Indian Club Exercises
71 pages
English

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71 pages
English

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Description

Indian clubs', or 'Iranian clubs' belong to a category of exercise equipment used for developing strength, and in juggling. In appearance, they resemble elongated bowling-pins, and are commonly made out of wood. They come in all shapes and sizes however, ranging from a few pounds each, to fifty pounds, and are commonly swung in certain patterns as part of exercise programs. They were often used in class formats, predominantly in Iran, where members would perform choreographed routines, led by an instructor; remarkably similar to modern aerobics classes. This work is a reprint of a classic publication on the use of 'Indian Clubs' and along with a brand new introduction, includes a series of exercises to help you get in shape the old-fashioned way.


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Publié par
Date de parution 14 juillet 2020
Nombre de lectures 0
EAN13 9781528765947
Langue English
Poids de l'ouvrage 2 Mo

Informations légales : prix de location à la page 0,0350€. Cette information est donnée uniquement à titre indicatif conformément à la législation en vigueur.

Exrait

INDIAN CLUB EXERCISES
BY
EDWARD B. WARMAN
LOS ANGELES, CALIFORNIA
Author of The Care of the Body. Physical Training Simplified. The Voice-How to Train It, How to Care for It; Gestures and Attitudes; Delsarte Philosophy of Expression. How to Read, Recite and Impersonate. Practical Orthoepy and Critique.
Copyright 2019 Macha Press
This edition is published by Macha Press, an imprint of Read Books Ltd.
This book is copyright and may not be reproduced or copied in any way without the express permission of the publisher in writing.
British Library Cataloguing-in-Publication Data A catalogue record for this book is available from the British Library.
www.readandcobooks.co.uk
CONTENTS

Introduction: to Indian Clubs
One Club. General Directions
Two Clubs. General Directions
I NTRODUCTION TO I NDIAN C LUBS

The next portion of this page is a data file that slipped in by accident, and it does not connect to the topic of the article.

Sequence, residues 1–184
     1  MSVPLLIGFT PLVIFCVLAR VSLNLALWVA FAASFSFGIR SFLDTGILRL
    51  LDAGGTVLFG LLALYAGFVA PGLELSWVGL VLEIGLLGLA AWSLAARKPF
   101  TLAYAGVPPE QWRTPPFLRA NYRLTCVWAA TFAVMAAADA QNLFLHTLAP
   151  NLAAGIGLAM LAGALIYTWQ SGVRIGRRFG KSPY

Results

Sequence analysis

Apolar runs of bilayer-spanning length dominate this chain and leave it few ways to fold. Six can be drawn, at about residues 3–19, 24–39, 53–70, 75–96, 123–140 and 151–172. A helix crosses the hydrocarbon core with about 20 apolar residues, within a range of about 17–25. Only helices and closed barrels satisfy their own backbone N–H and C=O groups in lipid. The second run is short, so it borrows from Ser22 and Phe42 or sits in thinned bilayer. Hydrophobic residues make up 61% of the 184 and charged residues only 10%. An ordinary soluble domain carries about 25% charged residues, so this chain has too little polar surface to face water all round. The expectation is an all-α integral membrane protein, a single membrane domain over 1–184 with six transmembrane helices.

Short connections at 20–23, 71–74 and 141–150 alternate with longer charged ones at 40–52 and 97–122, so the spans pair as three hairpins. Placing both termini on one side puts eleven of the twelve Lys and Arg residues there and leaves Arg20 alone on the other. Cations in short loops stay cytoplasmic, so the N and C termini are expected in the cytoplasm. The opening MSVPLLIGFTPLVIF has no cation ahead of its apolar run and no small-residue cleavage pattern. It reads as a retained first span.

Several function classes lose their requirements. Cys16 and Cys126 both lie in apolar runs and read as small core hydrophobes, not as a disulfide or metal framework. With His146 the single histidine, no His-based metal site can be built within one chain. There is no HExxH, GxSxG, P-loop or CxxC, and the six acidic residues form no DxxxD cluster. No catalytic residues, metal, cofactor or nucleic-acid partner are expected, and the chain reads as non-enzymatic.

Indian clubs , or Iranian clubs belong to a category of exercise equipment used for developing strength, and in juggling. In appearance, they resemble elongated bowling-pins, and are commonly made out of wood. They come in all shapes and sizes however, ranging from a few pounds each, to fifty pounds, and are commonly swung in certain patterns as part of exercise programs. They were often used in class formats, predominantly in Iran, where members would perform choreographed routines, led by an instructor; remarkably similar to modern aerobics classes. Despite their name, Indian clubs actually originated in ancient Persia, Egypt and the Middle East, where they were used by wrestlers. The practice has continued to the present day, notably in the varzesh-e bastani tradition practiced in the zurkaneh of Iran. British colonialists first came across these eastern artefacts in India however, hence the name. The Indian clubs became exceedingly popular back in the UK, especially during the health craze of the Victorian era. In a book written in 1866, by an American sports enthusiast, S.D. Kehoe, it was stated that as a means of physical culture, the Indian Clubs stand pre-eminent among the varied apparatus of Gymnastics now in use. He had visited England in 1861, and was so impressed with the sport that he began to manufacture and sell clubs to the American public in 1862. They were used by military cadets and upper class ladies alike, and even appeared as a gymnastic event at the 1904 and 1932 Olympics. Their popularity began to wane in the 1920s however, with the growing predilection for organised sports. The modern juggling club was inspired by the Indian club though; first repurposed for juggling by DeWitt Cook in the 1800s. He taught his step son, Claude Bartram to juggle with them, who later went on to form the first club juggling act . Today, their popularity has been revived somewhat, by fitness enthusiasts who that they are a far safer means of excising, rather than the traditional free weight regimens . Nostalgic replicas of the original clubs are still manufactured, as well as modern engineering updates to the concept, such as the Clubbell.